Image Credits: NASA/CXC/Ohio State Univ./C.Grier et al.; Optical: NASA/STScI, ESO/WFI; Infrared: NASA/JPL-Caltech

Here, we are looking at the exact same galaxy, known as NGC 3627 (also known as Messier 66), in both images. The image on the left shows the galaxy as it appears at optical wavelengths, which gives us an opportunity to see the various star forming regions scattered about the galaxies dust lanes (they, in turn, comprise the majestic spiral arms). In the image on the right, we are looking at a composite, stitched together using archive data collected of the galaxy at multiple wavelengths.

From these wavelengths, we are able to see activity going on that would not be visible otherwise. Particularly, we can see the ongoing activity seen within the general vicinity of several supermassive black holes. (The most likely source of the x-ray emissions) The most prominent source of emission can be seen near NGC 3627’s galactic center.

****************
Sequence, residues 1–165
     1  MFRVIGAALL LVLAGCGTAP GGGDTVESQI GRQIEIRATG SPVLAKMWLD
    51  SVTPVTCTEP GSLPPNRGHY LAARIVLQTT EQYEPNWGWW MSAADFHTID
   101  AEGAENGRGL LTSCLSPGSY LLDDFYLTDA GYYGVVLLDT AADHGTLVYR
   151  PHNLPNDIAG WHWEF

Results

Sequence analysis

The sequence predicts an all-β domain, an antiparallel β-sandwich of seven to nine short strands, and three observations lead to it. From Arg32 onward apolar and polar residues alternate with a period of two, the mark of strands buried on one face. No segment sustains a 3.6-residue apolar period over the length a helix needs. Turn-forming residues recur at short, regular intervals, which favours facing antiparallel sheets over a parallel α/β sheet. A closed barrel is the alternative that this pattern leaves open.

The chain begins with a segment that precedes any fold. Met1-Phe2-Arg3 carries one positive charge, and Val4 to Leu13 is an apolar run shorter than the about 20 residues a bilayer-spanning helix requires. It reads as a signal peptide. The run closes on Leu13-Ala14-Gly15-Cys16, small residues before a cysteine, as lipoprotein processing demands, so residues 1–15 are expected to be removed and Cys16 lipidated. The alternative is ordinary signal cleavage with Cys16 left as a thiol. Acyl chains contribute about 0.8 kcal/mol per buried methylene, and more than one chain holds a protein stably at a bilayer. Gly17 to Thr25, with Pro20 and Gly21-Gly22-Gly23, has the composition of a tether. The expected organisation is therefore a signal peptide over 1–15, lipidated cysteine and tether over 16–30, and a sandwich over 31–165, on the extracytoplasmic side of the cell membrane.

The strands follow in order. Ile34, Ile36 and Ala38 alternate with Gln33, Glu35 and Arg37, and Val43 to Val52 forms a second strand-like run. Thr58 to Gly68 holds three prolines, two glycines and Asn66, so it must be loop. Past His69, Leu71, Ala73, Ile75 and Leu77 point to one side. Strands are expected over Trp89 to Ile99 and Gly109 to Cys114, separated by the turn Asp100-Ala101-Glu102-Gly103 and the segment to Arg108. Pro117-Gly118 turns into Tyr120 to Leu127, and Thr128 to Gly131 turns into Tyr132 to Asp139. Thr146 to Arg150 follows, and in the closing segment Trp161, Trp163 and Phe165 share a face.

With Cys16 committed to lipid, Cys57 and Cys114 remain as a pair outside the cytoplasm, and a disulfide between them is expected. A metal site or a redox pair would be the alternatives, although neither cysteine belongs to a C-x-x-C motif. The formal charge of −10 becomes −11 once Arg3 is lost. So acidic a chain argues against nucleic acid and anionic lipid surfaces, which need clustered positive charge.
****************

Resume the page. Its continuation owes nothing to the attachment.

(In the composite, X-ray data from NASA’s Chandra X-ray Observatory can be seen in blue. The infrared data (acquired by the Spitzer Space Telescope) can be seen in red. With optical data from the Hubble Space Telescope and the Very Large Telescope in yellow.)

NGC 3627 is located approximately 30 million light years from Earth in the Leo constellation. It and its neighbors (including M65 and NGC 3628) comprise the famous Leo Triplet.

See a larger version of the composite image here.


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